NICHOLLS: In the industry, it’s known as the design and construct
model … and it’s at the core of the defects
*ROSS TAYLOR: The builder who has no training in design by the way, now takes responsibility for the design done to date, and completing the last half of the detail. Now he’s doing that on a tight budget. And so what frequently happens is he gets the sub-contractor to finish the designs. The way they see fit. The sub-contractor doesn’t have time to complete that design and so he gets his tradies to turn up on the job, to finish the design off on the go. That’s the design and construct model that’s operating in most of these high-rise buildings and is at the heart of the problems that we see today.
With no simple solution in sight and the issue traversing the responsibility of state and federal governments, insurers, surveyors and builders, analysts are weighing the impact.
*“This could be many billions, even a trillion dollars, worth of damage if you take the value collapse as well actually cost of repair,” said Digital Finance Analytics principal Martin North.
“We need to understand that this is going to be a very important issue over a long period of time.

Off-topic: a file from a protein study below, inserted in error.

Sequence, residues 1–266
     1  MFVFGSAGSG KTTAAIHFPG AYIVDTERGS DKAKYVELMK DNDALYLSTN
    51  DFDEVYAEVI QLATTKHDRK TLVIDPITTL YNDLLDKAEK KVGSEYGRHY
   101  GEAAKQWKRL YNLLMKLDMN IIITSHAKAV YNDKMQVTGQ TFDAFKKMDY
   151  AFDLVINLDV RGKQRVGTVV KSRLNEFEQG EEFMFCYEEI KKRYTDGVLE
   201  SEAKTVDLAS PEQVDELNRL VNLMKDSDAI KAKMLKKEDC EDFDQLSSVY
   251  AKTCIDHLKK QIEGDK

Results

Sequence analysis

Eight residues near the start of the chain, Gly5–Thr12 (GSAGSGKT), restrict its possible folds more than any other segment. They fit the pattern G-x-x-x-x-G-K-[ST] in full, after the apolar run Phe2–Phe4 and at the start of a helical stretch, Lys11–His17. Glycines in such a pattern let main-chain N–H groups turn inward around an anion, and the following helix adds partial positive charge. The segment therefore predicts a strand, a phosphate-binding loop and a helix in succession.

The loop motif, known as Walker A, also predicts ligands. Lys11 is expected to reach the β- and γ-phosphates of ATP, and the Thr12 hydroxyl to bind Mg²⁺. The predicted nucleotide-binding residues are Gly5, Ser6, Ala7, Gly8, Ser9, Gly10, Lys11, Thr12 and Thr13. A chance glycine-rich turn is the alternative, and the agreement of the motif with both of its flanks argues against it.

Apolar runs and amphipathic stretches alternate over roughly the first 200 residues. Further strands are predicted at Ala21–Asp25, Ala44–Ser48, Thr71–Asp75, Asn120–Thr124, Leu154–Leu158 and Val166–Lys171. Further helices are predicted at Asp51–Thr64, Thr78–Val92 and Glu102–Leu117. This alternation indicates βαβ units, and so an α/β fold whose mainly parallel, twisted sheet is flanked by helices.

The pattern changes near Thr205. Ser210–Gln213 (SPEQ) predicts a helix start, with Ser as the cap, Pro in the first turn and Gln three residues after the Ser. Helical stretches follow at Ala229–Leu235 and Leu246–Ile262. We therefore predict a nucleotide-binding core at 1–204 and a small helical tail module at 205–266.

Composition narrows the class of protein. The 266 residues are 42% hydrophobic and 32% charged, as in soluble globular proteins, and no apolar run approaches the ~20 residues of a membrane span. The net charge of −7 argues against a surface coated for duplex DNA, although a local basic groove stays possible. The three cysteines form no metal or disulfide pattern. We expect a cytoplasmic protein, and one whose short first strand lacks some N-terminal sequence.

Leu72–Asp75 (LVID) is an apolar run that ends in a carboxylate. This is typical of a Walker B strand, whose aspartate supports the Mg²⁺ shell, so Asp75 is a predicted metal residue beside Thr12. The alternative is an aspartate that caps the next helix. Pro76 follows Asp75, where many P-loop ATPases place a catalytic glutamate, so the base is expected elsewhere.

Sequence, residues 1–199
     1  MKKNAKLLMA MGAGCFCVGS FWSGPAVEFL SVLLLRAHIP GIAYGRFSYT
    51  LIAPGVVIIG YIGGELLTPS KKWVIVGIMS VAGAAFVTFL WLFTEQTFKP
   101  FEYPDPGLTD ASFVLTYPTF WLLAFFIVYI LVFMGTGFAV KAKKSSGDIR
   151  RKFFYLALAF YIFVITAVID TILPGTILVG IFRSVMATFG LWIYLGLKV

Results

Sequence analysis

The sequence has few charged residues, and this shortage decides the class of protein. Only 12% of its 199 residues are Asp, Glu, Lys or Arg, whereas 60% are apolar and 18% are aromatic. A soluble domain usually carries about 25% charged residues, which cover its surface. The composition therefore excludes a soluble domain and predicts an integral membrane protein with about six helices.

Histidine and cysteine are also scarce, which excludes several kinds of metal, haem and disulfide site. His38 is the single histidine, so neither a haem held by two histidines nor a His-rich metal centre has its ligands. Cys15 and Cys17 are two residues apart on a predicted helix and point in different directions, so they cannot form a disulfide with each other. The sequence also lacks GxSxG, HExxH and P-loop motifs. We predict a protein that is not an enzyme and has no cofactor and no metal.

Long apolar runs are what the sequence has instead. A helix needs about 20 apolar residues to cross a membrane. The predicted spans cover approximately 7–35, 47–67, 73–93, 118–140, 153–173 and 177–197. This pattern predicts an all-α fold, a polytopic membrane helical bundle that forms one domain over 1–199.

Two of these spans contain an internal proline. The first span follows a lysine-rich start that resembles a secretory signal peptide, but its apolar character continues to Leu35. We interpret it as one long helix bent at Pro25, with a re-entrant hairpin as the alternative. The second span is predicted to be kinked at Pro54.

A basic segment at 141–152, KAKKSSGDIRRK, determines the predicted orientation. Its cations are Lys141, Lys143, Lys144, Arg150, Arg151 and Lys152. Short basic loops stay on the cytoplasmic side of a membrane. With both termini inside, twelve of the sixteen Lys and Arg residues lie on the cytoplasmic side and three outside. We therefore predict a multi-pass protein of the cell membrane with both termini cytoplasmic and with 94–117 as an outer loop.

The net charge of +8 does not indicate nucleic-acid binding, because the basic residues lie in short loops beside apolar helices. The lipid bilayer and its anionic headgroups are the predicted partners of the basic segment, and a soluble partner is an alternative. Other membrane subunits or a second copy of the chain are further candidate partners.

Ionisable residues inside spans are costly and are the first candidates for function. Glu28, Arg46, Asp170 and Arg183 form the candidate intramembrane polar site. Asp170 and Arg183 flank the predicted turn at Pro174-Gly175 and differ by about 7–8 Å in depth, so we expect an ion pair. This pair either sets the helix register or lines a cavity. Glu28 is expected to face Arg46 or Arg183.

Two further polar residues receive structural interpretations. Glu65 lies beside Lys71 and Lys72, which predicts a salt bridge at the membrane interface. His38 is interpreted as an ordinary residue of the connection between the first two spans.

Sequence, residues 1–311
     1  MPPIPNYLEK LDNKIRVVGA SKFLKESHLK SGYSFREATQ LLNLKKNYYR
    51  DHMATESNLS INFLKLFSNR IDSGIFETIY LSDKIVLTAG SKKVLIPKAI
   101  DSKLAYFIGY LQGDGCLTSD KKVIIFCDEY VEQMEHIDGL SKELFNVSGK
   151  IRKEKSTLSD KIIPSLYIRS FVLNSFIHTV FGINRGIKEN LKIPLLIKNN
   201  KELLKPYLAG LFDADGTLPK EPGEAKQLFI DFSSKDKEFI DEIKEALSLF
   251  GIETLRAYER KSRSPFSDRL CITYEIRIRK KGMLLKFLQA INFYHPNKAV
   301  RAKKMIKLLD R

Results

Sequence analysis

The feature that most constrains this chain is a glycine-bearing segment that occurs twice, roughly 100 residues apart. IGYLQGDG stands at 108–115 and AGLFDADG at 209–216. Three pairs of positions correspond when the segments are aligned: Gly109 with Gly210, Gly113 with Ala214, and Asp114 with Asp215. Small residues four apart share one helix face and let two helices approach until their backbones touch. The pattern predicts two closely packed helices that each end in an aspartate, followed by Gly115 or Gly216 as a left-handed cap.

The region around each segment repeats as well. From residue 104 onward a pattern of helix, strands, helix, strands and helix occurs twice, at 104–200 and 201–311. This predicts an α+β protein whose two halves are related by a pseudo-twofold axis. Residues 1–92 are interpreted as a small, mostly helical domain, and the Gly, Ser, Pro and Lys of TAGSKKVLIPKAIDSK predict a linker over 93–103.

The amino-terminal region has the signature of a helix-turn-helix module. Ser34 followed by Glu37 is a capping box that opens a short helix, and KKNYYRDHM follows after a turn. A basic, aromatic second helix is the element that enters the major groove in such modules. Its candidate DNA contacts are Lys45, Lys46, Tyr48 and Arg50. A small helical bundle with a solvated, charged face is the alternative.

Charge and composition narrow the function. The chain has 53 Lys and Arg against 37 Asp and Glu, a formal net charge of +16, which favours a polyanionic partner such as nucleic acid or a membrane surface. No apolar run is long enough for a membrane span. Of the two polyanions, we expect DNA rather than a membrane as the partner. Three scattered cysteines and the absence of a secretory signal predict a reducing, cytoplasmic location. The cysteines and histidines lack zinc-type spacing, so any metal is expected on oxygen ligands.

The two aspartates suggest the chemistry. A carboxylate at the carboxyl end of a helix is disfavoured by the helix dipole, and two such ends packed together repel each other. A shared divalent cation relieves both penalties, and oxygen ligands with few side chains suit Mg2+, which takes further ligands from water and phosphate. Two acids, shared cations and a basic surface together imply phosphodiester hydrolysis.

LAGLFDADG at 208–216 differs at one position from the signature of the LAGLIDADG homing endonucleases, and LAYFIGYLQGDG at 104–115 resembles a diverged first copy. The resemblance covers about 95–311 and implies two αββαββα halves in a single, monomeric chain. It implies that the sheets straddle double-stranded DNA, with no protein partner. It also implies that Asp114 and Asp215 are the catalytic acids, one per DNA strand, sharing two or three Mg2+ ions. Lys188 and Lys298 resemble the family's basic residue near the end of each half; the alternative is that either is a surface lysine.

“Many thousands of buildings are impacted, not only of course those being currently built, and there were 270,000 to 300,000 [units] now, but also those that were sold over the last 20 years.”
Industry figures are warning of another problem attached to the publicity — owners aware of structural defects in their buildings are less likely to seek publicity to force the issues to be fixed, because it will cause a collapse in the value of their investment.
This means the full impact of the crisis is unlikely to be known for some time.
House price slide turning around
While Australia is made up of many different housing markets driven by different conditions, national house prices were on a rocket rise before peaking around two years ago, and then slipping.
Prices in five of the eight state and territory capitals went up, although Darwin (-1.2 per cent), Perth (-0.5 per cent) and Adelaide (-0.2 per cent) prices continued to fall.
“It does look like the downturn is turning the other way,” said CoreLogic’s head of Australian research Cameron Kusher.
However, he added a note of caution — the figures are only one month’s worth and people should not get “carried away” by the turnaround.
“I wouldn’t expect we’re going to continue to see a 1.6 per cent increase each month going forward, but I do expect we are going to see values increase,” he said.
Steep fall in building approvals continues
While apartments appear to have had smaller price falls than houses, CoreLogic’s figures do not fully pick up falls in the value of off-the-plan apartments.